Pine Grosbeak - Moonbeam, Cochrane District

Pine Grosbeak - Moonbeam, Cochrane District

To this point we were kind of surprised that we had not encountered any Northern Hawk Owls, given how many had been reported during the last month. Our luck finally changed near the town of Opasatika as Todd and Mark, driving ahead of us, had spotted one from the highway.

Northern Hawk Owl - east of Opasatika, Cochrane District

Originally the bird was quite distant on the edge of a wetland and just when I was about to look at it through the scope it dropped off its snag and disappeared. Ten seconds later, a black and white, falcon-shaped bird came streaking in, flying directly at us, and came up for a landing on a nearby utility pole. It was the hawk owl! The lighting was terrible where I was standing, but Jeremy managed to grab some great in-flight shots!

A few seconds later the owl re-positioned, landing on the top of a conifer. We enjoyed the few minutes here with the owl before it continued on to a more distant perch at the edge of the marsh. Just incredible!

Northern Hawk Owl - east of Opasatika, Cochrane District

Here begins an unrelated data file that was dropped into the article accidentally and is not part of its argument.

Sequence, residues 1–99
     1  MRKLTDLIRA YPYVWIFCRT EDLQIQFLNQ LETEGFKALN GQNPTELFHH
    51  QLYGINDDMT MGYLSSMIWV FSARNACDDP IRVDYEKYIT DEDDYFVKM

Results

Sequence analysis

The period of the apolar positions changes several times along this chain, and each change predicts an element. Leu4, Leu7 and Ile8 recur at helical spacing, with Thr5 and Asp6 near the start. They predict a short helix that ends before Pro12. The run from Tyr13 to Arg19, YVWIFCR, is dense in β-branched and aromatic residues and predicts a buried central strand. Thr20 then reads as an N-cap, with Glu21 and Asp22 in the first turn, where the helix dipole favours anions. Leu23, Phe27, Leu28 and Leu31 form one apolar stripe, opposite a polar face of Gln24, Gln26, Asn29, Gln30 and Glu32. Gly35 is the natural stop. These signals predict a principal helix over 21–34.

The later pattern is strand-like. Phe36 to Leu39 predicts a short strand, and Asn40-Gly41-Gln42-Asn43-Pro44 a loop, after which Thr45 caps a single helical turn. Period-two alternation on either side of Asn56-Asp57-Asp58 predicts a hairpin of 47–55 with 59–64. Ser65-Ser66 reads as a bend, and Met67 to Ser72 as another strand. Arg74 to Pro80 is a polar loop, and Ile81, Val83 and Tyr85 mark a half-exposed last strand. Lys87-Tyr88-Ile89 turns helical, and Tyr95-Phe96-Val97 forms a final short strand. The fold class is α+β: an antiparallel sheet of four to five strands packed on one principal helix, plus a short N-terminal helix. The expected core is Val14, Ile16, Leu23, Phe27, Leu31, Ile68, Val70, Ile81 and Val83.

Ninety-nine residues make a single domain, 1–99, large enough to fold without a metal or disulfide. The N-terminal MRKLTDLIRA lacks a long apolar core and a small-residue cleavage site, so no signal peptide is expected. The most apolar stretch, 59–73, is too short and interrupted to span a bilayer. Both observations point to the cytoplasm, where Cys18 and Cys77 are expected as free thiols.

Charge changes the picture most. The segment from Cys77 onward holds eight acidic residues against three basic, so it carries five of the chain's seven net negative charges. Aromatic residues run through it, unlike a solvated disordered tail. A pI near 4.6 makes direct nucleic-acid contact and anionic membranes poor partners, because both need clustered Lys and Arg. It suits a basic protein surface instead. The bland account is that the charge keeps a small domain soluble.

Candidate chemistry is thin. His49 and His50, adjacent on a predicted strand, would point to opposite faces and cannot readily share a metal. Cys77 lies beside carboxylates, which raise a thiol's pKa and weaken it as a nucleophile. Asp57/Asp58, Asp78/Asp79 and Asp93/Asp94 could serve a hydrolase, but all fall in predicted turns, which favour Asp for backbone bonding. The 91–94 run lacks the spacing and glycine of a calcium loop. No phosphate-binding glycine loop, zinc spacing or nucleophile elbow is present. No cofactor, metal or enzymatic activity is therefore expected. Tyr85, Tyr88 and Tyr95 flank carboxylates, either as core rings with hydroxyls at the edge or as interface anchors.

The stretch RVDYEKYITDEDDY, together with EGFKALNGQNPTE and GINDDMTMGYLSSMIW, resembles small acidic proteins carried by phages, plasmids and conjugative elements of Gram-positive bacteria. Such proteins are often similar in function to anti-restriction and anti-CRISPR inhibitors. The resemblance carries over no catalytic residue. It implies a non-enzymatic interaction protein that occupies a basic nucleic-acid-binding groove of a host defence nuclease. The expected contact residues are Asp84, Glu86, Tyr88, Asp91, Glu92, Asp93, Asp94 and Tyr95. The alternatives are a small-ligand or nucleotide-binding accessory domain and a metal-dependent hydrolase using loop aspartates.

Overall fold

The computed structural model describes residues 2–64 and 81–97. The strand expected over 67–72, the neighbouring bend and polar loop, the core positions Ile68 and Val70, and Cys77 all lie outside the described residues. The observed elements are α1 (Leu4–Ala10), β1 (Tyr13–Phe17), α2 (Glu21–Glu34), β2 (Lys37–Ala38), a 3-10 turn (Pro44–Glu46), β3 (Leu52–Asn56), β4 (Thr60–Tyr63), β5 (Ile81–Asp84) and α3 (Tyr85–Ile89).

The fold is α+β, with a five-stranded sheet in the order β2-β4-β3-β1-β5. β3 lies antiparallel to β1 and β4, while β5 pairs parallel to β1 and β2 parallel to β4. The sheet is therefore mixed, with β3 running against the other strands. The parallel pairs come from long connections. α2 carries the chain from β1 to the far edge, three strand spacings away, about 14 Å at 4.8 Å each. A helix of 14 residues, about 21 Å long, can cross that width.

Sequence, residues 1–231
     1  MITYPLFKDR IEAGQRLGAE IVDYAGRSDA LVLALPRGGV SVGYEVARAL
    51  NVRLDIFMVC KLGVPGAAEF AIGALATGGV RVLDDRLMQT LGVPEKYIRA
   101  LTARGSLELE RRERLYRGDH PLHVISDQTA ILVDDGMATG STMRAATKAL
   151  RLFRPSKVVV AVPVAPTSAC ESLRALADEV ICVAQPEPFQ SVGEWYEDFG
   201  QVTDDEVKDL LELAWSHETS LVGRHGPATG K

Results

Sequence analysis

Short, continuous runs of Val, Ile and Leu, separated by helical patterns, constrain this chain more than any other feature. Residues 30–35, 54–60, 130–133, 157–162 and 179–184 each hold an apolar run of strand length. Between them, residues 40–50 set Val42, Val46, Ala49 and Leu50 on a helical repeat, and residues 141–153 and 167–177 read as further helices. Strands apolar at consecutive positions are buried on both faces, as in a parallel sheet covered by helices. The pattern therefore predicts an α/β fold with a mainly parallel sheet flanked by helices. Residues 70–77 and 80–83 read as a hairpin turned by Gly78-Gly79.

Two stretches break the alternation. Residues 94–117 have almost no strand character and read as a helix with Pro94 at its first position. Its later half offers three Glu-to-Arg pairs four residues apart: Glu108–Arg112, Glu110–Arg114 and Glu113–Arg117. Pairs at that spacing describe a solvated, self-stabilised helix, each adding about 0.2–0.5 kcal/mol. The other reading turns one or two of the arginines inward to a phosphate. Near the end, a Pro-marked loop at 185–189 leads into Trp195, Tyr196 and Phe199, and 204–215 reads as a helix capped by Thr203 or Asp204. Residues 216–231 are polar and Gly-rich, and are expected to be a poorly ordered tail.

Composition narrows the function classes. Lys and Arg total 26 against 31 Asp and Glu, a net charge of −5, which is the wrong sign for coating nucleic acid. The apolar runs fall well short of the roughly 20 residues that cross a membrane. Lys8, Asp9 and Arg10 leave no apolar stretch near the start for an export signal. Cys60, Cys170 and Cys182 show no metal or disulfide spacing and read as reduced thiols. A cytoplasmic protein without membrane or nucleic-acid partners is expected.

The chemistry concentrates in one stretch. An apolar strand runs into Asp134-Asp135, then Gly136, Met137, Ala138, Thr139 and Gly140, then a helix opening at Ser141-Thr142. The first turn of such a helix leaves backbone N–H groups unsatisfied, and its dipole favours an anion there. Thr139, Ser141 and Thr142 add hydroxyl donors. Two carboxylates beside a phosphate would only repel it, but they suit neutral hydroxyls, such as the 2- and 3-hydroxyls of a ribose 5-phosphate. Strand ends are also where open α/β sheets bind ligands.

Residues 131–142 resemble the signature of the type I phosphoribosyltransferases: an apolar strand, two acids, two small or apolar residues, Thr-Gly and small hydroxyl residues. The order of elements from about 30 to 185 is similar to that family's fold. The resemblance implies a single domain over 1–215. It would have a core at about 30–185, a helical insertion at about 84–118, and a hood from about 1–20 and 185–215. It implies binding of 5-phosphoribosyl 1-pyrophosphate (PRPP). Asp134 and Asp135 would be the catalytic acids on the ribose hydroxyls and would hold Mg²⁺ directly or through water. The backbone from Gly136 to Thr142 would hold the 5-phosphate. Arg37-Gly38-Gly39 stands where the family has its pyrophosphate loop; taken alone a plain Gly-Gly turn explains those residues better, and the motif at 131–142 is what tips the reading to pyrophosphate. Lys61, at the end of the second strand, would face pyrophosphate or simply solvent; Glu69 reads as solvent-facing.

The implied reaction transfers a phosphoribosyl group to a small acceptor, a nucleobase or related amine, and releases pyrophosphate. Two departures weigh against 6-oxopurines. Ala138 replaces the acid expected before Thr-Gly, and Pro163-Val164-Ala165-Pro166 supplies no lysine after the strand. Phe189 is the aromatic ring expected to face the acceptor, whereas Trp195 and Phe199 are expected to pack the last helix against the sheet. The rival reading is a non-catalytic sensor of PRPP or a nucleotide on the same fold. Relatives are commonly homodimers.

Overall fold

Northern Hawk Owl - east of Opasatika, Cochrane District

Northern Hawk Owl - east of Opasatika, Cochrane District

The flood gates had been opened and only fifteen minutes later Jeremy and I came across another Northern Hawk Owl. Mark and Todd showed up a few minutes later to enjoy this bird as well.

Watching the Northern Hawk Owl (can you spot it?)

Northern Hawk Owl - west of Opasatika, Cochrane District

We were making good time and so decided that we would continue driving west past Hearst towards Longlac to spend the night. The time of day was perfect for owls, though no more would make an appearance for us.

At one point as I was staring diligently out of the window I was shocked to see a Gray Wolf standing in the snow. We quickly turned the truck around; luckily the wolf had remained.

Gray Wolf - west of Hearst, Cochrane District

I've seen occasional Gray Wolves in northern Ontario over the years while doing field work but this was the first one that hung around long enough for good looks and photos. A great way to end the day!

Gray Wolf - west of Hearst, Cochrane District

The following morning we would begin heading back east, stopping at the burn to look for woodpeckers. That will be subject of the next post!